April 28th, 2015

On the frozen river

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At one point during the last Russian journey, we had to make a choice in the route. Drive over a frozen river, or take a direct route on pavement. The choice was mine, and I picked the frozen way because for me there's still a great thrill in experiencing such places.

When we arrived at the point, there were large signs with weight limits for the cars and passenger restrictions. The sign warned that only one person should be in the car during the crossing. I can't understand the logic of this? The entry point was at the top of a hill, so the non-driving passenger would be forced to walk down a very slippery, icy slope to reach the other side. Well, my fellow traveler decided to ignore the weight restrictions (our car was over the limit), yet abide by the one passenger rule. The result - I carefully maneuvered my way down the icy path to the other side, carrying a heavy backpack full of camera equipment.

But the post is not about that. Often I feel the need to visit some distant region of the world to be reminded of who I really am. There is no mystery about why such experiences are cathartic. Stripped of your ordinary surroundings, daily routine, refrigerator full of food and closet full of clothes - with all this taken away, you are forced into direct experience. Such direct experiences inevitably make you aware of yourself in a way that is often lost in the daily grind of life. Incredibly aware of who and what is most important in life. This is not always comfortable, but it's always invigorating. How about you? Where do you go to escape and clear your mind?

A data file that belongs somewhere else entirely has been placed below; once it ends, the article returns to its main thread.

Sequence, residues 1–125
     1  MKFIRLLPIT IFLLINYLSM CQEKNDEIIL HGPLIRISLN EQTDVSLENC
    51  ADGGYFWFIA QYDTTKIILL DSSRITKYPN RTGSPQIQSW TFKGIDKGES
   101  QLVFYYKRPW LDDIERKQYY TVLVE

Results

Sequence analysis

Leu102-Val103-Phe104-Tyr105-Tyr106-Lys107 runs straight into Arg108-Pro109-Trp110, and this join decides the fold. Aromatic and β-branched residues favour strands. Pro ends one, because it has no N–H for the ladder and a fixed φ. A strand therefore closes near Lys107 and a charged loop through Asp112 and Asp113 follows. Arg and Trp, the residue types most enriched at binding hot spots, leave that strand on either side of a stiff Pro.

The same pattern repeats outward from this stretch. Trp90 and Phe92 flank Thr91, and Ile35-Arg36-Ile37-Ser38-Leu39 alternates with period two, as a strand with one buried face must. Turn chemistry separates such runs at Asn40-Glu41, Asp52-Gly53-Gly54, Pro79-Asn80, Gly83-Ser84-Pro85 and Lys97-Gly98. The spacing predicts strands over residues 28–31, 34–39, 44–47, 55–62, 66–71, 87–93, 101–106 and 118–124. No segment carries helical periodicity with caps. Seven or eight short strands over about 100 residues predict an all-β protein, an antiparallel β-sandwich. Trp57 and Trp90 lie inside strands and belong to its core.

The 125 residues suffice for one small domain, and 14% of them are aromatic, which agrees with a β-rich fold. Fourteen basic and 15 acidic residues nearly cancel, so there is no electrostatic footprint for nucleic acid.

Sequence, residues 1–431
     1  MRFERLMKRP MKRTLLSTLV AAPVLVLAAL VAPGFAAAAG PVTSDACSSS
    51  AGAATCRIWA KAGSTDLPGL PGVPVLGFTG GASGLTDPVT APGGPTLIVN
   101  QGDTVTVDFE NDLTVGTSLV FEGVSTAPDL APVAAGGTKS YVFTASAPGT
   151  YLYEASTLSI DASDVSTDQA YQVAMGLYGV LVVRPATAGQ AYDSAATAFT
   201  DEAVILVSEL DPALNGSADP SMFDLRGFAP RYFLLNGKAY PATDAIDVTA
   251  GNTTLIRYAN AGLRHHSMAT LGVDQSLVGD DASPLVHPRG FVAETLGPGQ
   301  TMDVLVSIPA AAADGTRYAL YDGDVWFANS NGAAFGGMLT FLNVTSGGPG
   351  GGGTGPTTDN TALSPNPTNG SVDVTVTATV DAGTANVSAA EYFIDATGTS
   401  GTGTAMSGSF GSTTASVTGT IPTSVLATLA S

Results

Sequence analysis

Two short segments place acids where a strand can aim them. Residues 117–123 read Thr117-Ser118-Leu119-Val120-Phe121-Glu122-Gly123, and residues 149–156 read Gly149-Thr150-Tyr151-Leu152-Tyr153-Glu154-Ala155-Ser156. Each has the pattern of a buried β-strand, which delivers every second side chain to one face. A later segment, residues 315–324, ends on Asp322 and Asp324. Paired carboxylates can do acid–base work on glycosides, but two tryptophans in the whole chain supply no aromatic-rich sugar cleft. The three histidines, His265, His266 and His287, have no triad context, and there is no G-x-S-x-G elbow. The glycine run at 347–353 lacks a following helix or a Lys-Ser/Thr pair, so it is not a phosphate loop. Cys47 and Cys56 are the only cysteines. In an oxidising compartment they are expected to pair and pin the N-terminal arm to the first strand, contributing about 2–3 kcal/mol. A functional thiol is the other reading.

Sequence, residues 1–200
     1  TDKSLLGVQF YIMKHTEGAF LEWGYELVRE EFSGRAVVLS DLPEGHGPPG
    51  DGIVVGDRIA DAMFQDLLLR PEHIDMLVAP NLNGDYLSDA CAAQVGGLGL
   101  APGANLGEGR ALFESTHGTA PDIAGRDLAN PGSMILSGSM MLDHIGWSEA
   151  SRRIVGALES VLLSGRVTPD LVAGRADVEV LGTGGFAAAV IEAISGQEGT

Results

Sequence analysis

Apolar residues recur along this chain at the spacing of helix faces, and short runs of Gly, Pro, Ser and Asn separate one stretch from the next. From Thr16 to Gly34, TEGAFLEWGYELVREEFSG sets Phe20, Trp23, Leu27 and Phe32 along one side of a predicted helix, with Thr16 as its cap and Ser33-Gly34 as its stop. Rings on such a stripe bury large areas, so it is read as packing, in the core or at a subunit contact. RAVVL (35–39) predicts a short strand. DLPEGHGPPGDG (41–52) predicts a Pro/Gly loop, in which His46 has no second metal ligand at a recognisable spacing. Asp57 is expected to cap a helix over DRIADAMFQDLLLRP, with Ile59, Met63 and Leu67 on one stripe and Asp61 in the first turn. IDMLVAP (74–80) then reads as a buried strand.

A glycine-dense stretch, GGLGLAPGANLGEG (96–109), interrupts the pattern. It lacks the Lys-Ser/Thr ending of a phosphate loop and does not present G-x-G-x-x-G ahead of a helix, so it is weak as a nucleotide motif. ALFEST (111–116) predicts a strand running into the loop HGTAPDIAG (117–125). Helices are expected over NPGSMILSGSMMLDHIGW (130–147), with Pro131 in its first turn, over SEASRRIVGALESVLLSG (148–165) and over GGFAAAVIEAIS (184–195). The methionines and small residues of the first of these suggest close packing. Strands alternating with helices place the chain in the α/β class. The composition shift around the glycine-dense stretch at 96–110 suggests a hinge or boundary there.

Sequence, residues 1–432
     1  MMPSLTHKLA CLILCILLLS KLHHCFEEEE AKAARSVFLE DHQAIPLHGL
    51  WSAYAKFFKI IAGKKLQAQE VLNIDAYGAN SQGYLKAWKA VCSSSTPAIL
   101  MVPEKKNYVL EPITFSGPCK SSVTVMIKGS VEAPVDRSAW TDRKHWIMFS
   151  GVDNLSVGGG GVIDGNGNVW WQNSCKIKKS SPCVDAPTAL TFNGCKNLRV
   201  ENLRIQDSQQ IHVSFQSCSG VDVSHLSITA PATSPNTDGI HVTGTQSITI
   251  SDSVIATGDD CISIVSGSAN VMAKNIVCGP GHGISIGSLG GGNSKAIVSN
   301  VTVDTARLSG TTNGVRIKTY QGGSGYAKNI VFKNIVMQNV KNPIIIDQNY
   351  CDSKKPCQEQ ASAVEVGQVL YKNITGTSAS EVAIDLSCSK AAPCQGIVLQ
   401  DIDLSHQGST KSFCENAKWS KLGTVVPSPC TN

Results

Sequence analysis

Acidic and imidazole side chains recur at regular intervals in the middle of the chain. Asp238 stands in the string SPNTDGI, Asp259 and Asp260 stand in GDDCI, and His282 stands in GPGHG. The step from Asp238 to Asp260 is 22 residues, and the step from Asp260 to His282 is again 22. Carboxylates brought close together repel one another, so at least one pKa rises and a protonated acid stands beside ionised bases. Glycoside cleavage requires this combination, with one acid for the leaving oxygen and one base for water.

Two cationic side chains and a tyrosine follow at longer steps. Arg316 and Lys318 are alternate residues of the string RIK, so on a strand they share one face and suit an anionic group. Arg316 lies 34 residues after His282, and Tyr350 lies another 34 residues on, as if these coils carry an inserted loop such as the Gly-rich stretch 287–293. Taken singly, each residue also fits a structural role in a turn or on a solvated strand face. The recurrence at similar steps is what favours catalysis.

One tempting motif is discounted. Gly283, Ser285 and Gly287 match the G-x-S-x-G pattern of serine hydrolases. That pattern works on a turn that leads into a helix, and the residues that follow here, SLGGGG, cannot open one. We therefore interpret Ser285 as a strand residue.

P.S.: I don't know the name of this place, but a friend informed me it's the Sukhona River.

Winter Impressions from Suzdal, Russia

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If you look in any guidebook or website about tourism in Russia, Suzdal will always be mentioned as one of the top attractions. It's a cozy little place, but I can't understand the appeal. There is nothing to see here except churches and a lot of colorful wooden houses, which you can view in almost any other city in Russia. Of all the churches, the wooden ones in Suzdal are my favorite, probably because they remind me of secluded, wilderness cabins from a distance. What is the lure for tourists? Perhaps it's just the easy accessibility from Moscow, the central starting point for most large, organized tours for foreigners. The city was my first stop during the last Russian trip, and after awaking at the crack of dawn, we ventured off to see one of the most well-known cities along the Golden Ring.Collapse )